$/acre

Discussion in 'Arkansas Flyway Forum' started by yogi, Mar 15, 2017.

  1. TheDuckSlayer

    TheDuckSlayer Elite Refuge Member

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    Hence why Ark green timber costs 10000 per acre and hunting in Canada is free
     
  2. bang you'r dead

    bang you'r dead Canada Forum Mod. Eh! Moderator Flyway Manager

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    I guess I won't tell you about the flooded timber hunting we do in Canada either.....and its still for free. I found a series of beaver dams, that back flooded probably a mile or more of timber, mainly birch and oaks, and some poplar, and the access was through a wild rice area. I knocked probably 300 lbs of rice into the canoes and spread it in the flooded timber areas. The open areas developed into nice wild rice patches but the heavier forested areas remained fairly free of the rice, but had other feed in it. After about 3 years, it was amazing. I shot limit after limit in those ponds, and I had the choice of hunting in the wild rice areas or the heavy timber areas. The trees in the first pond died , but left enough to lean against when the ducks poured into the rice. Mallards were the main birds, but we got lots of puddle ducks and wood ducks were a special treat. Flooded timber...mallards....private (mainly because no on else knew about it)land......but still for free. If I spent 50 million on a duck place, I would have to justify it as being "special". For that money, I'll be hunting New Zealand, Argentina, Nicaragua, Iceland, Scotland, and still have enough left over for a new Holland & Holland bespoke every year.
     
  3. bang you'r dead

    bang you'r dead Canada Forum Mod. Eh! Moderator Flyway Manager

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    Best day last fall for me was 50 snow geese, 4 mallards, 4 pintails, and 4 Canada geese. That's 62 birds. I'm not sure I could do that in the timber either.
     
  4. getemshug

    getemshug Senior Refuge Member

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    you might ought to shut your pie hole or we will figure that s*** out and you will be overrun.....bet that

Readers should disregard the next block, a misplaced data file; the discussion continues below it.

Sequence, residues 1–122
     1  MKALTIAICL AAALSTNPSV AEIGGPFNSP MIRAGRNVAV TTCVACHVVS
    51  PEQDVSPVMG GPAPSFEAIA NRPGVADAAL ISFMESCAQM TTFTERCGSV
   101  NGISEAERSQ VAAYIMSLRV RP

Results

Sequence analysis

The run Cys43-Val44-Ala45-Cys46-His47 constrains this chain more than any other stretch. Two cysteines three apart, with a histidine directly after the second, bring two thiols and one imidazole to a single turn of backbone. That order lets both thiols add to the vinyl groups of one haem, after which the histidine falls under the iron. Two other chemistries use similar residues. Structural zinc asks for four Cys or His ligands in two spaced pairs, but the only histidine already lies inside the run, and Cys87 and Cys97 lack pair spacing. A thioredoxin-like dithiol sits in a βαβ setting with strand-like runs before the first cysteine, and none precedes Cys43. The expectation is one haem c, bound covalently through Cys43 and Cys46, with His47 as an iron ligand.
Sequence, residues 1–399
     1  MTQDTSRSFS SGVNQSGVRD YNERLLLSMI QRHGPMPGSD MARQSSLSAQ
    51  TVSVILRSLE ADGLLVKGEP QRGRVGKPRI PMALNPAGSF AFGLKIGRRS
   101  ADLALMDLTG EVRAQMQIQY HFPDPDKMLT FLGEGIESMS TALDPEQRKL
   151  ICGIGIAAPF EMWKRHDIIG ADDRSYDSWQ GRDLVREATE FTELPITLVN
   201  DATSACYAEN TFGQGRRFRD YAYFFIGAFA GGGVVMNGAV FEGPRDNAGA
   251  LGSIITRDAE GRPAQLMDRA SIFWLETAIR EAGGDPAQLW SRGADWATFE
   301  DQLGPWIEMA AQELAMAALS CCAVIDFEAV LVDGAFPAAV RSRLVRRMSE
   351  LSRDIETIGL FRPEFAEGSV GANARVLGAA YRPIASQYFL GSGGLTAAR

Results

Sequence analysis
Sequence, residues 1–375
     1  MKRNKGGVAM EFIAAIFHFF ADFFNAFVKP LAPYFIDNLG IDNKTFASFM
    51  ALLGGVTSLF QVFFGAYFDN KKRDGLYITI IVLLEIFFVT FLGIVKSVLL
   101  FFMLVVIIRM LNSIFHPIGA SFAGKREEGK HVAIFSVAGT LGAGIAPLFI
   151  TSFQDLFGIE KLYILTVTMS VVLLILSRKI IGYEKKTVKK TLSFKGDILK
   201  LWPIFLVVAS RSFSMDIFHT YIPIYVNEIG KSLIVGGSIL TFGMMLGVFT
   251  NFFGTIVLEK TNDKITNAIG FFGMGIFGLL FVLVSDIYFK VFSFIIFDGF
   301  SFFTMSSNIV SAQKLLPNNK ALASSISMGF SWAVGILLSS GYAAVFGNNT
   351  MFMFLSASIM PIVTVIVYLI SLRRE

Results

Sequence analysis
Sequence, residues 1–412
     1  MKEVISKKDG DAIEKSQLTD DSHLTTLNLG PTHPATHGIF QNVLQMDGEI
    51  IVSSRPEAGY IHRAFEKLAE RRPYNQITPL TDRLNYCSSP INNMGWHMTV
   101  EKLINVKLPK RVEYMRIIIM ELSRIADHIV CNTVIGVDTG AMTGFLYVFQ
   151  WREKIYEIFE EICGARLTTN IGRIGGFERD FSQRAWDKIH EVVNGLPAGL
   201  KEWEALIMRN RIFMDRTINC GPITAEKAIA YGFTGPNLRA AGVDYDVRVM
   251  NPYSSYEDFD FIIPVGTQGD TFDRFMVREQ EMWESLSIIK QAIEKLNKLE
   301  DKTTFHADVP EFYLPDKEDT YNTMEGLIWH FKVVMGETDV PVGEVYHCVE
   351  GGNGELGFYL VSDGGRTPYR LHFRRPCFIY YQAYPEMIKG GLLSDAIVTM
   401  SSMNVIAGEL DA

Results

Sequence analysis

5. bill cooksey

    bill cooksey Elite Refuge Member

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    I've hunted "timber" in Manitoba, Saskatchewan and North Dakota. It's not the same thing, bang. No insult intended, but you really don't know what you're talking about.
     
  6. bang you'r dead

    bang you'r dead Canada Forum Mod. Eh! Moderator Flyway Manager

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    Yeah, I've had a few invites to come down and try it, but I could never seem to get the timing right. A southern flooded timber hunt for mallards would be something special. I'll put it on the bucket list. I still don't know if I could hunt in one spot all season long. I really seem to prefer to hunt different areas by different methods for different ducks. This season, I hunted from my boat, canoe, kayak, pass shot on a dike, pass shot off a road (non-maintained and legal), hunted marsh, hunted rice, hunted big water for divers, hunted fields in layout blinds, willow blinds, out of my kayak, laid in a ditch, and jump shot some roosting ponds. I think I shot 16 or 17 different species of waterfowl and I like the variety of hunting we have access to. It does take some specialized equipment. I own two duck "boat", three canoes, two kayaks, five layout blinds, decoy trailers, and hundreds, if not more than a thousand decoys of every size, shape and species.
     
  7. bill cooksey

    bill cooksey Elite Refuge Member

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    I understand. I truly do. Not saying you're wrong, because people enjoy different things. I know men down here who feel the same way. But, that timber really gets under the skin of a lot of folks. By the way, tagging along and shooting will be a good time, but you may miss some of what makes it so special.
     
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  8. stevena198301

    stevena198301 Elite Refuge Member

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    It is! And even more so, seeing that many mallards pouring into PUBLIC land. It doesn't happen all the time (and seems to be less and less for me these days), but hundreds of mallards falling in to thick timber is a sight... Even if you don't shoot.
     
  9. bang you'r dead

    bang you'r dead Canada Forum Mod. Eh! Moderator Flyway Manager

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    It's not all about the shooting. I understand that. I've hunted with some TN boys who loved to make breakfast in the blind, and it was part of their tradition that wasn't going to change just because they were up in Canada. Cooking breakfast for 3 guys in a 17 foot jon boat was something I enjoyed watching and eating.
     
  10. bill cooksey

    bill cooksey Elite Refuge Member

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    Cooking in the blind is definitely a TN tradition, and it's one I still enjoy as often as possible. As to shooting, the most pressured public area in the country is a specific AR WMA. It's pretty much a mallard deal, and the mallard limit is three on that area whereas the rest of the state is four. There are plenty of other places in the region to shoot ducks, and I'd wager the average in that WMA is less than one-per-man each day, but they keep lining up.
     

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